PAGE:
Radio Review: Dickens in London

“It seems that I would be an uncommercial traveler”

The bi-centenary of Charles Dickens’ birth has been marked in several different ways across a variety of media and Dickens in London, this collection of five short radio plays by Michael Eaton was one which entertained me nicely. Adapted from some of Dickens’ journalistic essays, the plays deal with his changing impressions of London as he grew up, was stimulated by and then grew tired of the great city that inspired so much of his writing.

We start with A Not-Overly-Particularly-Taken-Care-Of Boy where the boy Charles gets lost on his very first visit with his uncle, then move to Boz, where a young man has secured himself employment as a Parliamentary Reporter for the Morning Chronicle but dreams of writing his own stories. Samuel Barnett is particularly good in these two first stories, his voice is particularly well suited to radio, so full of character and crackled emotion.

The Sparkler of Albion is the third story which sees Alex Jennings assuming the role of the writer who is now at the height of his popularity and success. He spends the evening with Elliot Levey’s Inspector Field to soak up the underbelly of London’s life but by the time ten years have passed, the allure has pretty much disappeared along with his ability to sleep. The Uncommercial Traveller sees him still walking the streets at night, his marriage crumbling away, and his love for London slipping away. The series ends with The Inimitable, where Dickens is near the end of his life and aware that he is coming close to the last of his public readings. Played by Antony Sher in this final play, with Barnett returning as a presence to help Dickens work his way through, it makes a fitting and surprisingly touching end to the set.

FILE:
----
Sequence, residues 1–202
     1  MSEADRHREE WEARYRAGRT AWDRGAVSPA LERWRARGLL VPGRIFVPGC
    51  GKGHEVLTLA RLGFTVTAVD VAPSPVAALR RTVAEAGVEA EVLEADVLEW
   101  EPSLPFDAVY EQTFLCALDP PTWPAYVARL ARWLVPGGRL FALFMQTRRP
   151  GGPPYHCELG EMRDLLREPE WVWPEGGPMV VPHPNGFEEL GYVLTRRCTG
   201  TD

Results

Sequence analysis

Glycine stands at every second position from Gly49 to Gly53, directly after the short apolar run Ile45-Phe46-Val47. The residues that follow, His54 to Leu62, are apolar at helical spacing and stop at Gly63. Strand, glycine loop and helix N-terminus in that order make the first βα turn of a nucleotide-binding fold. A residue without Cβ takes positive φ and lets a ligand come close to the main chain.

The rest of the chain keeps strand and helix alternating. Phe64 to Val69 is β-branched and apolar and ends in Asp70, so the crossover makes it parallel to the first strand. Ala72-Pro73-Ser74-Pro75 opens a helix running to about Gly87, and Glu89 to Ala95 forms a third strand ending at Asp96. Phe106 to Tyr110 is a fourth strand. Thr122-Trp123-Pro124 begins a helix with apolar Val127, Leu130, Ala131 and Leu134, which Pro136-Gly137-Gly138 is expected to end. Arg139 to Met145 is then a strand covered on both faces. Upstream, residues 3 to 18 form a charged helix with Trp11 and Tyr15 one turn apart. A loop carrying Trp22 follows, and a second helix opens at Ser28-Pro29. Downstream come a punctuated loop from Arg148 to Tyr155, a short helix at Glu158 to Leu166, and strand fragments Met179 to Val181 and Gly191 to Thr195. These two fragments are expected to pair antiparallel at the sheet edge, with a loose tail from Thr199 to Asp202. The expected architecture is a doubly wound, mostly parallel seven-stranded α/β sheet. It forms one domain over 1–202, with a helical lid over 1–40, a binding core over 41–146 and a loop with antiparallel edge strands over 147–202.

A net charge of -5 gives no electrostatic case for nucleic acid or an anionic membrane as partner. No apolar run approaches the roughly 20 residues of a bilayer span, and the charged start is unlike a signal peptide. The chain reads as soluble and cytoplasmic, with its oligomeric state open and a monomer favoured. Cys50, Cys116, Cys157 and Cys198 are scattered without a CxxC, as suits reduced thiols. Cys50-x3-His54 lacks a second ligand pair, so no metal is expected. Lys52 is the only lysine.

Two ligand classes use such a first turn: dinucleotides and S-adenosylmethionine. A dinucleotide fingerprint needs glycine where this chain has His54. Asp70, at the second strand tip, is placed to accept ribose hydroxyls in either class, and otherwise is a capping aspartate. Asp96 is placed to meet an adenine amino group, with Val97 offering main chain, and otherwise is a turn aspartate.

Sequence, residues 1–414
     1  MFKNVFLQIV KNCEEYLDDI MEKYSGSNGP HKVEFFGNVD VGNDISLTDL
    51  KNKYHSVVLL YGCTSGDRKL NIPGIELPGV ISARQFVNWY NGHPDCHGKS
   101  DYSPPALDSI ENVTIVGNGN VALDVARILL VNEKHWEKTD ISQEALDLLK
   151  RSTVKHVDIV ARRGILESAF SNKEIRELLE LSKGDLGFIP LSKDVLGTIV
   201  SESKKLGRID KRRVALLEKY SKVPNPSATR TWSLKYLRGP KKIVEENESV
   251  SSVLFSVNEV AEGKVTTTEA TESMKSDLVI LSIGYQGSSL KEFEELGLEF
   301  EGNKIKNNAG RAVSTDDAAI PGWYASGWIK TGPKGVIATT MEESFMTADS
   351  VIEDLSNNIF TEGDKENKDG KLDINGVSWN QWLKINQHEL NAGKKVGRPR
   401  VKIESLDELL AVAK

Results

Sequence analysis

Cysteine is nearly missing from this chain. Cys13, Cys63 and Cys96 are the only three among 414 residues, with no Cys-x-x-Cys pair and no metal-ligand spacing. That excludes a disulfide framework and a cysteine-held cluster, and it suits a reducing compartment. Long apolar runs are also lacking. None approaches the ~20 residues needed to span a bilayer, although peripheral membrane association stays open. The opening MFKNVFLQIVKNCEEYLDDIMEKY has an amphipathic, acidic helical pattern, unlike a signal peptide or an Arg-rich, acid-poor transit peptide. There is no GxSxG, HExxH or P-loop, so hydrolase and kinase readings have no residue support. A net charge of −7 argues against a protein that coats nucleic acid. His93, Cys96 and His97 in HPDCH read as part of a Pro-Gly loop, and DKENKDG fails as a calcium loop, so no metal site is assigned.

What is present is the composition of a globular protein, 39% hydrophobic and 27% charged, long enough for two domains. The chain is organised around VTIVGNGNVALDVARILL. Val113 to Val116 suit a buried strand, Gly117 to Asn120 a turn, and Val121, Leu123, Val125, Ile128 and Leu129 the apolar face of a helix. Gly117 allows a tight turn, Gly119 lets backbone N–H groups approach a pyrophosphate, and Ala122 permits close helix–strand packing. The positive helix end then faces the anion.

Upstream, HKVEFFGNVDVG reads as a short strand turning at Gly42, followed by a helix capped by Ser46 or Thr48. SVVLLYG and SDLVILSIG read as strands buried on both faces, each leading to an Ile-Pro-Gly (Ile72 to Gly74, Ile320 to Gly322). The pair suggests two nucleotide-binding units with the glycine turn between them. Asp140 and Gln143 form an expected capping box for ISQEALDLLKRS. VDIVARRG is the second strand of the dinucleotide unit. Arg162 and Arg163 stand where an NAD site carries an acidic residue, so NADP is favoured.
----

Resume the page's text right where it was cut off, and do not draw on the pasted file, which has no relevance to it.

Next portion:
Jeremy Mortimer’s productions all cleverly incorporate sounds of the hustle and bustle of metropolitan life but also use sound and effects to add texture and interest to many of the scenes, especially in creating a palpable sense of atmosphere. Neil Brand’s music also adds another layer here to create a fascinating soundscape which really lifts the whole thing. I still find it a little odd that people digest these bitesize bits of radio in 15 minute chunks, I’ve always listened to the Women’s Hour omnibus, or created my own by listening to them back to back as I prefer the sustained impact of it all in one go, but then I’m still a newbie to radio drama and only ever listen to it online so have the choice.

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